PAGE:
3)      Cold frontal squall line pushes in from eastern Texas from west to east a couple of hours after the first squall line.  This line is expected to primarily be a straight line wind producing storm.

I then began to review the thunderstorms pushing north in the southern portion of Arkansas.  We consider a tornado warning for a supercell in Miller County based on base reflectivity apperance, but we decided against this warning.  While the OUN-WRF had suggested supercells, we immediately note a strong outflow boundary pushing south of these storms.  We consulted with some of the MRMS products to help with this decision.  Some low level shear was noted on the shear track history, but nothing real was noted on the mid level track.  Any tornado threat we might have considered early is likely gone.  We’ll keep watching, but the environment just doesn’t seem favorable for surface based storms.  No severe weather was reported with the storm we chose to leave unwarned.  One storm developed a large hail signature, but this storm was north and east of our county warning area.

We quickly coordinated with the Experimental Forecast Program; their final graphics had a very strong risk for winds in northeastern Texas, as they indicated in their briefing.

With the elevated storms moving harmlessly away from our CWA, we turned our attention to the weather in the Fort Worth CWA to see what would be coming our way.  We noted a couple of very strong “Cloud Top Cooling” product values – one of -27 C and one of -41 C, each for 15 minute periods.  Each of these storms was well back into the Fort Worth CWA, so we would not be handling warning responsibilities for either, but we were clued into the fact that some pretty explosive storms might be developing out to our west.

The first squall line first approached our CWA in far southeastern Oklahoma.  The storm was on the far edge of our CWA on the far edge of radar coverage.  Very small values were noted on the “MESH” algorithm, and vertically integrated ice values were smaller than storms in Texas yesterday evening.  We also noted a little bit of potential for large hail in the “HSDA” produt – the dual-pol radar product designed to detect large hail – but we chose not to warn for these storms.  Either by good analysis or by the luck of these storms being in extremely rural, river valley regions, we received no reports from these storms.

We also noted that outflow from the initial Arkansas storms was pushing definitively to the south.  In contrast to what mesoscale models were suggesting, this feature would cause any storm to its north to become elevated, decreasing the threat for all modes of weather.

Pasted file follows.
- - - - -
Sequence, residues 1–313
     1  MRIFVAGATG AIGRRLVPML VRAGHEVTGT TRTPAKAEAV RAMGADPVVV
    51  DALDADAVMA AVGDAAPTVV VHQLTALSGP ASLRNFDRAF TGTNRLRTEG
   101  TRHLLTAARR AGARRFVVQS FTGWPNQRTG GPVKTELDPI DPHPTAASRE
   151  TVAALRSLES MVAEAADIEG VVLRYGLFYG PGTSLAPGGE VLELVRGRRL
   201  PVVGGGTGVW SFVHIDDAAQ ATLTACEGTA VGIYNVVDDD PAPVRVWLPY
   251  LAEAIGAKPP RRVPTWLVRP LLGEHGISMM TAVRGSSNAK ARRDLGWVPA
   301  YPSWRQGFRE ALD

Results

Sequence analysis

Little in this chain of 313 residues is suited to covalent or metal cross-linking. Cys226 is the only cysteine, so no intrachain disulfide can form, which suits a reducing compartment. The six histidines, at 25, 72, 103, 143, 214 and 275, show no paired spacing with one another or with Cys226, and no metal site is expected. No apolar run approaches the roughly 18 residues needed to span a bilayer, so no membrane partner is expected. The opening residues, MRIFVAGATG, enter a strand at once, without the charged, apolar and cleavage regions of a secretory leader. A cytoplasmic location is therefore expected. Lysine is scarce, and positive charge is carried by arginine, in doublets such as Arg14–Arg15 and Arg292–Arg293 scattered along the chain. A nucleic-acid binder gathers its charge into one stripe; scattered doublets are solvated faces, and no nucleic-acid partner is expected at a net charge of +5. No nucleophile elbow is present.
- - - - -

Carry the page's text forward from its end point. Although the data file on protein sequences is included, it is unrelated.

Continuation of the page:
Storms later approached in my sector from the west.  I issued a handful of warnings and I actually found that the MESH product was doing a good job of finding wind damage reports in addition to the hail reports.  We also got damage reports from an advancing outflow boundary, but we didn’t consider those reports to be of particular interest to the testbed detail.  As the threat shifted to wind with the approaching squall line from the west, we began to get nasty wind signatures aloft.  I began issuing broader severe thunderstorm warnings for wind for the entire line.  The atmosphere, somewhat stabilized from the outflow, still seemed capable of producing damaging winds.  In that regard, the storm structure indicated by the OUN-WRF succeeded; in another, no threat for embedded supercells existed because of the outflow, a weakness that even a short range model could not account for.

At 7:10 PM, with the severe threat turning solely into a marginal wind threat, we decided to switch regions of the country, up to New York, where storms were a bit more isolated and had the potential to produce hail.  Andrew and I were placed in the Binghamton CWA.  We again sectorized our coverage area; this time along the north/south boundary of I-81.  I took responsibility for storms east of the highway.  By 7:30 PM, I was confident enough in hail signatures northeast of the radar to issue my first warning.  I would warn on the radar “Hail Size Discriminator” in addition to the MRMS products.  Giant hail was suggested at 7:55 PM.  I continued the warnings for the next 90 minutes as the storm evolved and moved east ward.  I didn’t receive a single report from any of the storms I warned for, though I do not regret the warnings.  I immediately checked the Binghamton office warning history after the shift ended; they too had been warning for these storms.  I really, really believe that these storms produced severe hail and that the HSDA algorithm did a nice job of analyzing the storm detail.  We just didn’t get the reports in the nighttime in rural New York.  That’s my story and I’m sticking with it.  I was admittedly a little bit exasperated by the end of this event, not having a ground truth to say one way or the other what had happened for the sake of the testbed and whether or not the products had indicated severe weather or not.   Such is life.